Apple Inc.'s SEC filings show its SIC code as 3571 (electronic computers). The first two digits—35—identify its major industry group as "Industrial and Commercial Machinery and Computer Equipment," while the third digit—7—narrows its industry group down to "Computer and Office Equipment" and the final digit—1—classifies it as "electronic computers." Note that if the first two digits are between 20 and 39, these companies are classified in the manufacturing division or segment of the economy.

Despite the SIC codes having been replaced by NAICS, you can still search for them. Below is an image of the Standard Industrial Codes, along with their meaning, for the banking industry (taken from the SEC's website).

  • Bank of America Corporation (BAC), for example, would have the SIC code of 6021 because it's a national commercial bank.
  • State banks would have the SIC code of 6022.
  • Life insurance companies would be classified as 6311.
Standard Industrial Classification (SIC) codes from the Securities and Exchange Commission
Examples of Standard Industrial Classification (SIC) codes from the Securities and Exchange Commission.  Investopedia

How Do I Find My Company's SIC Code?

The United States Securities and Exchange Commission publicly issues a standard code list that can be used to identify a SIC code. The code list is more specifically reviewed and updated by the Division of Corporation Finance.

Who Needs a SIC Code?

All companies naturally have a SIC code, as there are over 1,000 total SIC codes possible. Companies that file public reports are often required to use SIC codes when reporting, as the SEC uses it as a basis for assigning review responsibility for company filing requirements.

What Is an Example of a SIC Code?

SIC code 6500 represents the entire real estate industry. SIC code 6510 identifies real estate operators, while SIC code 6512 further refines the classification to nonresidential buildings while 6513 further refines the classification to operators of apartment buildings.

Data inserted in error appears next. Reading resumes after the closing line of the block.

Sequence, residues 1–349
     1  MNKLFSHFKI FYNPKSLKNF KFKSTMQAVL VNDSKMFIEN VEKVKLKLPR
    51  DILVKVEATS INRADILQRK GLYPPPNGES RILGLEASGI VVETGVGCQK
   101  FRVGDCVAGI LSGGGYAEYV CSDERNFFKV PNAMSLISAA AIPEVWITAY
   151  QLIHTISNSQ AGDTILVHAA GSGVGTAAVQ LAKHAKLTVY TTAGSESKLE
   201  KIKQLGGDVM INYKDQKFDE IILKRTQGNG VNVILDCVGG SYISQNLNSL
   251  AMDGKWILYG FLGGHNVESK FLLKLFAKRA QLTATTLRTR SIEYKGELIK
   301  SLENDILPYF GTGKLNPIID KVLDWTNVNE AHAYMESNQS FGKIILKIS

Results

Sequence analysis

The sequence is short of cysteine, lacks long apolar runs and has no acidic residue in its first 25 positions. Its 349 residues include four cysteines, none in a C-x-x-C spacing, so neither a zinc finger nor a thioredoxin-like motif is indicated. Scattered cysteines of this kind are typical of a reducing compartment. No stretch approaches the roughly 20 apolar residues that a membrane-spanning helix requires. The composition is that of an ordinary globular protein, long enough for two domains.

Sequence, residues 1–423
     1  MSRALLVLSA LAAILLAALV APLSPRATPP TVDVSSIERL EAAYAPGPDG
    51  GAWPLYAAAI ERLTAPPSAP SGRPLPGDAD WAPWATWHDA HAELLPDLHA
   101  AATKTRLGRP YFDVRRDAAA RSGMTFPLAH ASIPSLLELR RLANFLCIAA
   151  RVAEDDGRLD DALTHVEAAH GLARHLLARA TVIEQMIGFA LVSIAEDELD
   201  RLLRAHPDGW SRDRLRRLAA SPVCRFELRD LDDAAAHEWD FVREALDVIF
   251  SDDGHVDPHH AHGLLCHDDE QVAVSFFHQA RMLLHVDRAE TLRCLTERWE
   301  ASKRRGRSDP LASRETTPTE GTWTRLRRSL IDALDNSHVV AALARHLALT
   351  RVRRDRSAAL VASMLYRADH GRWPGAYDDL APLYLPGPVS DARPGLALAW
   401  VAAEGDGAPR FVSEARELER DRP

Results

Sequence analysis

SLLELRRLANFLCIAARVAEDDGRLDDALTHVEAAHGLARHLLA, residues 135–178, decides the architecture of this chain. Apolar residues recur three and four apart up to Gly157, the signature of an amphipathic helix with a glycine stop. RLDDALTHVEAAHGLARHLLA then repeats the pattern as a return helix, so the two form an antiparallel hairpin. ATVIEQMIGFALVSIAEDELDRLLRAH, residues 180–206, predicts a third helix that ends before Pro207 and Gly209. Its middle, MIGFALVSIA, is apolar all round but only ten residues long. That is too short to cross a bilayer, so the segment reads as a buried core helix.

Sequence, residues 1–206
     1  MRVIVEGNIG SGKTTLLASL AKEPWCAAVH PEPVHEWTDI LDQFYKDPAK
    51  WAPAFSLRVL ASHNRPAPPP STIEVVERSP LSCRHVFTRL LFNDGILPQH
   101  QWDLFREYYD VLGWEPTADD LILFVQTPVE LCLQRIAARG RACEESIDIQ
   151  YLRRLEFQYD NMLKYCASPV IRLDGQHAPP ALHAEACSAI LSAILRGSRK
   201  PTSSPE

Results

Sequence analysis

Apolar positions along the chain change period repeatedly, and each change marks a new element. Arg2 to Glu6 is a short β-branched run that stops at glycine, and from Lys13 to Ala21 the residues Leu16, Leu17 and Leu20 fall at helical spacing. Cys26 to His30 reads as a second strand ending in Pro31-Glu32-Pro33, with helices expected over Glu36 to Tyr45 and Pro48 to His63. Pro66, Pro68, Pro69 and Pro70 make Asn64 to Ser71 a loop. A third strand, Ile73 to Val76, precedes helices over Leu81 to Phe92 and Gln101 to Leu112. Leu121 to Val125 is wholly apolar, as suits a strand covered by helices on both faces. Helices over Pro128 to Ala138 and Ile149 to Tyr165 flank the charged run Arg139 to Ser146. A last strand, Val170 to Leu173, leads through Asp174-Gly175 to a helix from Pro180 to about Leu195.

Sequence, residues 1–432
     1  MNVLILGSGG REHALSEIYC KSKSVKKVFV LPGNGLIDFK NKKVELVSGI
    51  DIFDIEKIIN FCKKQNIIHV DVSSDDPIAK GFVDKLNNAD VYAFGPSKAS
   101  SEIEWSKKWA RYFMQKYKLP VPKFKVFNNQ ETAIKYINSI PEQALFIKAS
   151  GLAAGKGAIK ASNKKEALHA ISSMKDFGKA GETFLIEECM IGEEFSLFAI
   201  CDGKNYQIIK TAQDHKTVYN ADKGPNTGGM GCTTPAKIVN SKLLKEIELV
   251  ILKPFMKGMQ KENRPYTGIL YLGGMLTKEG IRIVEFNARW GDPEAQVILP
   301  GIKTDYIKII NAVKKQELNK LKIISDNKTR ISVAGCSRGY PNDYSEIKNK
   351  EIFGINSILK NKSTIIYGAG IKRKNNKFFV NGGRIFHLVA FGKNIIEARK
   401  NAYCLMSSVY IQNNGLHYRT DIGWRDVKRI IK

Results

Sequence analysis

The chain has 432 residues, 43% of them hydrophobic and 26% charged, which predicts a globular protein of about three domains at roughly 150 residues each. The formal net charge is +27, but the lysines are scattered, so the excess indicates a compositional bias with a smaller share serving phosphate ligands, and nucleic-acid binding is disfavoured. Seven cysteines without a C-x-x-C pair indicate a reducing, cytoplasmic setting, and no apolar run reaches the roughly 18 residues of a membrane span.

What Does SIC Code Stand for?

SIC code stands for standard industrial classification (SIC) code This four digit-number identifies a very specific short descriptor of the type of business a company is engaged in.

The Bottom Line

To help identify the appropriate reviewer of company filings based on the industry a company operates within, the Securities and Exchange Commission publishes a listing of standard industrial classification (SIC) codes. When issuing reports, companies must report the SIC code that most closely identifies with their operations.

Article Sources
Investopedia requires writers to use primary sources to support their work. These include white papers, government data, original reporting, and interviews with industry experts. We also reference original research from other reputable publishers where appropriate. You can learn more about the standards we follow in producing accurate, unbiased content in our editorial policy.
  1. Office of Statistical Standards. "History of the Standard Industrial Classification," Page 1.

  2. U.K. Government. "Standard Industrial Classification of Economic Activities (SIC)."

  3. Census Bureau. "North American Industry Classification System."

  4. U.S. Securities and Exchange Commission. "Division of Corporation Finance: Standard Industrial Classification (SIC) Code List."

  5. United States Department of Labor. "Standard Industrial Classification (SIC) System Search."

  6. NAICS Association. "NAICS & SIC Crosswalks."